After a short solo series Kevin joins the young "Avengers Academy" heroes, fighting alongside them in the 2011 line-wide event "Fear Itself." More recently, the second Thunderstrike is seen joining the ranks of the Asgardians of the Galaxy. 

King Thor

When Jason Aaron began his tenure writing Thor in 2012's "Thor: God of Thunder" #1, he introduced a Thor from the distant future. 

Often appearing more like Odin than Thor, King Thor has one eye, one arm, and little patience for his younger counterparts. He joins the Thor of the present and that of the past to help defeat the God Butcher, and later reunites with them in the 2019 event "War of the Realms." The curmudgeon remains a constant throughout Aaron's tenure on "Thor" – often appearing alongside a future version of Wolverine who has possessed the Phoenix Force — and we eventually see the Thor of the present suffer the wounds that are old news to King Thor. 

In late June 2019, Marvel announced Aaron would conclude his time writing Thor with the four-part miniseries "King Thor," focusing primarily on the Odinson of the future.

The young Thor

Thor wasn't always worthy of Mjolnir and just as he's shown us the adventures of King Thor, Jason Aaron gave us plenty of glimpses into the past to a younger, less humble (if you can imagine it) and much more foolish version of Thor. Impatient for his chance with the hammer, the young Thor is often seen testing his ability to lift Mjolnir, only to curse at it when he fails. 

Without Mjolnir, the younger version of Thor carries the powerful ax Jarnbjorn. The ax, unfortunately, can't grant Thor the gift of flight like Mjolnir, so instead, he rides a chariot pulled by his two flying goats Toothgnasher and Toothgrinder.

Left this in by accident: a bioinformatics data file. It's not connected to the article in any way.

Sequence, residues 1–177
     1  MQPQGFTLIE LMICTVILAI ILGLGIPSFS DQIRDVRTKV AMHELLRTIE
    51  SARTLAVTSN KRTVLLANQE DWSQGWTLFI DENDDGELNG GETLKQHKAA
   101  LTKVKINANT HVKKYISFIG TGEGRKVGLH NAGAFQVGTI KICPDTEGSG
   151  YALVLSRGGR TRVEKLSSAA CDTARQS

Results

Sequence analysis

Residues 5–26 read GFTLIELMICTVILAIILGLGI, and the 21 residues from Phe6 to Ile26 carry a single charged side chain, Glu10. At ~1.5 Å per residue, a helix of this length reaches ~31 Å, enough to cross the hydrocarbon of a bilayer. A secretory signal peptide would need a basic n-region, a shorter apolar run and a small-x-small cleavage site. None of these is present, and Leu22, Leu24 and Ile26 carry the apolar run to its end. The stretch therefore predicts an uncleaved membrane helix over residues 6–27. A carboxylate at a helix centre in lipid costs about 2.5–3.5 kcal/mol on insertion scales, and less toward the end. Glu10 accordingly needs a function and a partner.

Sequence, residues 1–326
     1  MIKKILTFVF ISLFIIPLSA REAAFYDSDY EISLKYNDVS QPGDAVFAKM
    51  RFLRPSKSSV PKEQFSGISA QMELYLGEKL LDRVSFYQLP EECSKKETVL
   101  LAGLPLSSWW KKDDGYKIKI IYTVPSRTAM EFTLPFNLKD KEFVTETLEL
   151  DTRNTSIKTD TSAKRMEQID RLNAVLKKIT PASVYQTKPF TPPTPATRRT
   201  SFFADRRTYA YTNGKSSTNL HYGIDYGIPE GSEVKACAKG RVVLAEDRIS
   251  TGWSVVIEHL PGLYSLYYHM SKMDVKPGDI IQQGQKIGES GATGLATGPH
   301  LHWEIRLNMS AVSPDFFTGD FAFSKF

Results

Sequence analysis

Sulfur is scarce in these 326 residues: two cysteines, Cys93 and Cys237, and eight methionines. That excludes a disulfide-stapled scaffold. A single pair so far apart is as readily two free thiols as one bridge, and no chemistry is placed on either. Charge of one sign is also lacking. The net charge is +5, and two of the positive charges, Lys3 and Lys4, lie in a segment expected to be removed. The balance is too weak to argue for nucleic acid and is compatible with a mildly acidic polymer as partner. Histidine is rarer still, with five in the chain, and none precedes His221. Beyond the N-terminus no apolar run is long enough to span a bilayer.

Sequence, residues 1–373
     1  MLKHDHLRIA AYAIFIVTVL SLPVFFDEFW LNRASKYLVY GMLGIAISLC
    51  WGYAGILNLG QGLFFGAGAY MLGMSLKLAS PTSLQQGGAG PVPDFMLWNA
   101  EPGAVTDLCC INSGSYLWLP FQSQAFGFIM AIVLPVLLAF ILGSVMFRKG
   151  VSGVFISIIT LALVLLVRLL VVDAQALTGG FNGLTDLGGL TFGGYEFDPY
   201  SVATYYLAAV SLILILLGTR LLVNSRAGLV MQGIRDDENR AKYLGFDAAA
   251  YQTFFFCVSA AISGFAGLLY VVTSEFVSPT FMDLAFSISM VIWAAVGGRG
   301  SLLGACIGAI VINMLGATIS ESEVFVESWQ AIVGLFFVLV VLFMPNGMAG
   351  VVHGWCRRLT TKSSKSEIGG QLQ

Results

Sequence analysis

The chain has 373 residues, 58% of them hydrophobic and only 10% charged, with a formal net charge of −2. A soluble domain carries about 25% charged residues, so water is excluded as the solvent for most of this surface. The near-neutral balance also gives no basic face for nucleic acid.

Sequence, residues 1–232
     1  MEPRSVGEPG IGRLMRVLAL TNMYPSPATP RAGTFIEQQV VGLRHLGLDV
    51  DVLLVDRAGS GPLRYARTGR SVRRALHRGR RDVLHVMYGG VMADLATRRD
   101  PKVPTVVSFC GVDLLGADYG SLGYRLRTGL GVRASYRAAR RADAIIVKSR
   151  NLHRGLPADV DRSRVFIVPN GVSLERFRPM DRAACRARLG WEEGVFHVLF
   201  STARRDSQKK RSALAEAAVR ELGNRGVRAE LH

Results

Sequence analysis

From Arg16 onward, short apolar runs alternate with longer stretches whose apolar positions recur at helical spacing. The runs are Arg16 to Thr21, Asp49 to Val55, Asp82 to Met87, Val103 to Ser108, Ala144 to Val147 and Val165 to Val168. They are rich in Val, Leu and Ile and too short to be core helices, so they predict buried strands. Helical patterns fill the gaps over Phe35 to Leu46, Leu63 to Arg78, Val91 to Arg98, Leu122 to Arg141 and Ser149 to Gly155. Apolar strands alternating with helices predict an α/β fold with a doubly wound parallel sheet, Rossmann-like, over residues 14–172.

Like King Thor, this younger, ax-wielding Odinson aids the present-day Thor both in his battle against the God Butcher and his final conflict with Malekith in "War of the Realms."

Iron Hammer

In the 2018 Marvel event "Infinity Wars," a separate universe is created in the Soul Stone whose inhabitants are the combination of pre-existing Marvel characters. For example, the origins and powers of Ghost Rider and the Black Panther are combined to create the Ghost Panther. Spider-Man and Moon Kight become the Arachknight. Likewise, the stories of Iron Man and Thor merge to become that of Stark Odinson, the Iron Hammer. 

Fittingly, almost all of the villains, friends, and lovers of both Thor and Iron Man are combined to create the cast of Iron Hammer's stories. The Iron Man villain Madame Masque and Hela, the goddess of death, are combined to make Madame Hel. The dark elf Kurse and the Russian villain Crimson Dynamo come together as the Krimson Kurse. 

Iron Hammer was last seen in 2019's "Secret Warps" event, along with the other patchwork heroes of his universe.

The Thor Corps

As you can likely tell, these days it isn't that rare for a handful of different people to simultaneously call themselves "Thor" or at least to claim some of his power. But in 1993 it was relatively novel, and Marvel took advantage of the situation to launch the miniseries "Thor Corps."